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Owning the thinking: case studies of how pre-service trainee teachers, training to teach in the post-compulsory sector, construct their professional teaching identities within a framework of accountability

Butcher, Valerie Ann (2013) Owning the thinking: case studies of how pre-service trainee teachers, training to teach in the post-compulsory sector, construct their professional teaching identities within a framework of accountability. Doctoral thesis (EdD), Manchester Metropolitan University.

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Abstract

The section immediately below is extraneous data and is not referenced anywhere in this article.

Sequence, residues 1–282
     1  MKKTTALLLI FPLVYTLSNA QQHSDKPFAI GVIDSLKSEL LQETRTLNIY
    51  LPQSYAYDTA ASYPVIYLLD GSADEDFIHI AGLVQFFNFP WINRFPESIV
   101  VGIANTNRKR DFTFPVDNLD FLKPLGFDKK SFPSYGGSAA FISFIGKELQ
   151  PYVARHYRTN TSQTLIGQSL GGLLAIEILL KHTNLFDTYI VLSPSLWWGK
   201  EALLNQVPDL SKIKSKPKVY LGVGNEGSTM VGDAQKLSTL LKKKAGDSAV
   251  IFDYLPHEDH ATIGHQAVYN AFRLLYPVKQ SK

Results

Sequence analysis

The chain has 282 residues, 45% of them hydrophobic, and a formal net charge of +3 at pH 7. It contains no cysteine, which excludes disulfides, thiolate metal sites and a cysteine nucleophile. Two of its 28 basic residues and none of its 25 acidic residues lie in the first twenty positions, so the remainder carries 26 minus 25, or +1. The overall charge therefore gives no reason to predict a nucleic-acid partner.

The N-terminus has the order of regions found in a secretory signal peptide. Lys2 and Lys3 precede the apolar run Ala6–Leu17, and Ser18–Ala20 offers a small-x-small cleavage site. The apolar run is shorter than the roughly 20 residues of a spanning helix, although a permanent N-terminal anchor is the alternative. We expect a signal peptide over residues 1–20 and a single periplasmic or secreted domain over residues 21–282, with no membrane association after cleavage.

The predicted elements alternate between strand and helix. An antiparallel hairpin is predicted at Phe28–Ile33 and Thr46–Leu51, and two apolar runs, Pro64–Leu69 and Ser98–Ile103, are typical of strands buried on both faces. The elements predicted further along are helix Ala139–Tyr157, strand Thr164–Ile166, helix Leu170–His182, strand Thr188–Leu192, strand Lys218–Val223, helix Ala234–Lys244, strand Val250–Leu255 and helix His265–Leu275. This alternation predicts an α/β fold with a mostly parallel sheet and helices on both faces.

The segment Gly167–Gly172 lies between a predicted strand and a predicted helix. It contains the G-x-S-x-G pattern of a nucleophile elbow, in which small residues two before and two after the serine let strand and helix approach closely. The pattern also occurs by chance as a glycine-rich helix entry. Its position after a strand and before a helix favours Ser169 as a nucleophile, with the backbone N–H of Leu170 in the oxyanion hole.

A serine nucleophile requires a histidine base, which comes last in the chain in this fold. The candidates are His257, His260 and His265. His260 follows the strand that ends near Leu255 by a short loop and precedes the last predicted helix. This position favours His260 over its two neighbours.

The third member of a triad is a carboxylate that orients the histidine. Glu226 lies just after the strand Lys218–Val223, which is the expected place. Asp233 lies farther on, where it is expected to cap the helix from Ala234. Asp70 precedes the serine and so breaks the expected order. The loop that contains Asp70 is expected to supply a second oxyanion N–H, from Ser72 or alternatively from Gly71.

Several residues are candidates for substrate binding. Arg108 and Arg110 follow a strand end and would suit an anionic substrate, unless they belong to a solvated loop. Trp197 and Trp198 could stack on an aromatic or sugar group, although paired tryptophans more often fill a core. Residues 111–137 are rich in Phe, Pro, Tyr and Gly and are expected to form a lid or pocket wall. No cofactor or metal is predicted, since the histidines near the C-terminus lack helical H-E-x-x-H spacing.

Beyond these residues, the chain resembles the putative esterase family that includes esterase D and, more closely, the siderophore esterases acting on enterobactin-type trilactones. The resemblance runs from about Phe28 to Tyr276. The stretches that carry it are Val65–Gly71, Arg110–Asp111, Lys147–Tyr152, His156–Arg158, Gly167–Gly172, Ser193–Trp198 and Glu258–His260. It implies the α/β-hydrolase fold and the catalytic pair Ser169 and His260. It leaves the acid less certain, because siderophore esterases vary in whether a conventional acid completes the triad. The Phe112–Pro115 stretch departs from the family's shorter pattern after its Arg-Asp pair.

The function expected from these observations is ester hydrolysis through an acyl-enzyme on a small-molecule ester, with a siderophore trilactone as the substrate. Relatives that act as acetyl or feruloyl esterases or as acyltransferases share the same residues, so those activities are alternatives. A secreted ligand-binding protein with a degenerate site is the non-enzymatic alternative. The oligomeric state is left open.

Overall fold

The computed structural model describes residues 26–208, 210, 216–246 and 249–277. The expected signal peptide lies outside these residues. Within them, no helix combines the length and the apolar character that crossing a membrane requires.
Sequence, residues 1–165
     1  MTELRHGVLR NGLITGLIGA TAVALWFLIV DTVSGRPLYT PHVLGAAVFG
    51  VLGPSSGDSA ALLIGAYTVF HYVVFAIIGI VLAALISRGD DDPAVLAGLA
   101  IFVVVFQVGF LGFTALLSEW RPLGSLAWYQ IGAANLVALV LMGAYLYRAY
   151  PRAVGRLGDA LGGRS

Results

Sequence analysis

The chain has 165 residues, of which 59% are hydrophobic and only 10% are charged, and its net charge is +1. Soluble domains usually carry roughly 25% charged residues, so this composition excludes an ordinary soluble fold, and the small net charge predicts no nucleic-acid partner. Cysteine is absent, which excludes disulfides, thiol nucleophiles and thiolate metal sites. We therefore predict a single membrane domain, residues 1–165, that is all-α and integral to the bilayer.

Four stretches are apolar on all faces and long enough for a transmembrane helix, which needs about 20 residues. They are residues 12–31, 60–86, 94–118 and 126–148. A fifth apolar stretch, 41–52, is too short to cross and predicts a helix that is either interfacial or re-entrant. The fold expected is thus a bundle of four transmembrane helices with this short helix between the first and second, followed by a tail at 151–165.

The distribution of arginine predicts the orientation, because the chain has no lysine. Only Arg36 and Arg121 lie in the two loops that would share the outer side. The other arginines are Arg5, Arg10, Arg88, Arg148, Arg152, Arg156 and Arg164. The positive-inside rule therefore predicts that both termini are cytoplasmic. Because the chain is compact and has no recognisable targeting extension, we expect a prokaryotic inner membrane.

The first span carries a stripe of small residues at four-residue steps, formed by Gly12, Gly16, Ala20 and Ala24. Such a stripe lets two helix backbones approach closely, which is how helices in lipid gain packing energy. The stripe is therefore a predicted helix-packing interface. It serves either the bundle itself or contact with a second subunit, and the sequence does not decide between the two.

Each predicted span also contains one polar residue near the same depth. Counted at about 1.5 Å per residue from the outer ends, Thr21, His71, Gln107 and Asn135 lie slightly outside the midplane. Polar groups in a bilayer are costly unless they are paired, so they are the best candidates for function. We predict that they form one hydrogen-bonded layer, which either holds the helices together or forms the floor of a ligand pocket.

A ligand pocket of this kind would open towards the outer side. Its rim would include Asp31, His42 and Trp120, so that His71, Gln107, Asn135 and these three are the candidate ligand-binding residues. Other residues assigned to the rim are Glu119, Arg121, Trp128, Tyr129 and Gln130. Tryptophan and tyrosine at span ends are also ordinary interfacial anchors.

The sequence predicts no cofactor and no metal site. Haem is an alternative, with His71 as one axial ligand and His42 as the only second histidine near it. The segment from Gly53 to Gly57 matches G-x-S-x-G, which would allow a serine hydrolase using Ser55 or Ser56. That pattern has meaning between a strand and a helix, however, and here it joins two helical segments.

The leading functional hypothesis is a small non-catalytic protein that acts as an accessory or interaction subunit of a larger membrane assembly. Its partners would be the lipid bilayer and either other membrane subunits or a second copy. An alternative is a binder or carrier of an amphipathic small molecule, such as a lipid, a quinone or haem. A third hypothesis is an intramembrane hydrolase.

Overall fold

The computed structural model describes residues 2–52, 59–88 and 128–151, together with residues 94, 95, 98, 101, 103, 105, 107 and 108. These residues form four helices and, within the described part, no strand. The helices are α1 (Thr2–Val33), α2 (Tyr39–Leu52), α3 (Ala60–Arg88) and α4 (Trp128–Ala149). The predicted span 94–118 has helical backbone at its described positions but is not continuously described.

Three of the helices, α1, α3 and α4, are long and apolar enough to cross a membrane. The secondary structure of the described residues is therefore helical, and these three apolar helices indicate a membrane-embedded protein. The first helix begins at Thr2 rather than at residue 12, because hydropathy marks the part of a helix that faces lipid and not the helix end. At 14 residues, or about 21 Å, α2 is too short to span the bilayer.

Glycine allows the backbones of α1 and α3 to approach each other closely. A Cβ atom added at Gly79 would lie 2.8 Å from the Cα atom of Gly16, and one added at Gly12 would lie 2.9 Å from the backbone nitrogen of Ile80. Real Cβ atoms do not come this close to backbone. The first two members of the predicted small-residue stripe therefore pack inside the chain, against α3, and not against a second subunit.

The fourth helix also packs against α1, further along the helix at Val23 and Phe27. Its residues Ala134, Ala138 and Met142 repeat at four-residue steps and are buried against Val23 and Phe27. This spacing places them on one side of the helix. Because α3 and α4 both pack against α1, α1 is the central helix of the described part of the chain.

The context for this study is that of educational policy: specifically with reference to initial teacher education in the post-compulsory sector. The research addresses a number of issues which have been relatively neglected in implementing this policy: • The extent to which the policy has redefined the epistemology underpinning being a teacher to that of ‘knowledge deliverer’ • The ways in which this epistemological shift has impacted on the role and identities of beginning teachers as individual teachers seek to resolve the relationship between the policy agenda and their constructions of their professional selves as compatible, compromising and/or compliant The methodology adopted is that of the case study within a longitudinal study of those being trained to teach in the post compulsory sector and follows the subjects of the research post-training into employment. Using trainee accounts and other data, the study examines their encounters with and connections to (Wenger, 2000:27) the various ‘learning communities’ contributing to their training. The narratives they provide are used to provide an ‘…insider’s view of the domain’ of a community (Wenger et al., 2002: 31). The findings are substantial. Analysis of trainees’ accounts reveal the extent to which they seek to adhere to community norms as a consequence of assessment and organisational demands at the expense of their own development as critical, autonomous professionals. The extent to which they supress aspects of their own emerging identities raises ethical issues about the role of professional communities in brokering and developing new professional knowledge. The ways in which the various ‘learning communities’ manage knowledge leads to discrepancies in trainees’ experiences of ‘communities of practice’. As a consequence they offer fractured accounts of their teaching identities. The implications of the research are also substantial. The study underlines the importance of giving greater attention to the voice of the trainee teacher in order to understand and assist ‘self- understanding’ (Kelchtermans, 2005). The voice of trainee teacher has been noticeably marginalised by current policies on teacher education. As new models of partnership and collaborative practice evolve in response to an agenda which prioritises school and employer led ITTE provision, it behoves those working with newly qualified teachers to provide the kind of support which will ensure commitment and the basis for future advance in their teaching careers.

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